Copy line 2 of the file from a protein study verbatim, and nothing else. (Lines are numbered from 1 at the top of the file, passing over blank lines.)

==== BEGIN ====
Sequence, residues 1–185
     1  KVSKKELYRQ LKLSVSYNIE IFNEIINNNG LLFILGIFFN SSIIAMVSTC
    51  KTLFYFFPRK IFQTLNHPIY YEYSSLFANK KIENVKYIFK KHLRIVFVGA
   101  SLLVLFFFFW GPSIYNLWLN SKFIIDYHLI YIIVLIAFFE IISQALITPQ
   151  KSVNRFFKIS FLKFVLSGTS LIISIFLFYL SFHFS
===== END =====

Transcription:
     1  KVSKKELYRQ LKLSVSYNIE IFNEIINNNG LLFILGIFFN SSIIAMVSTC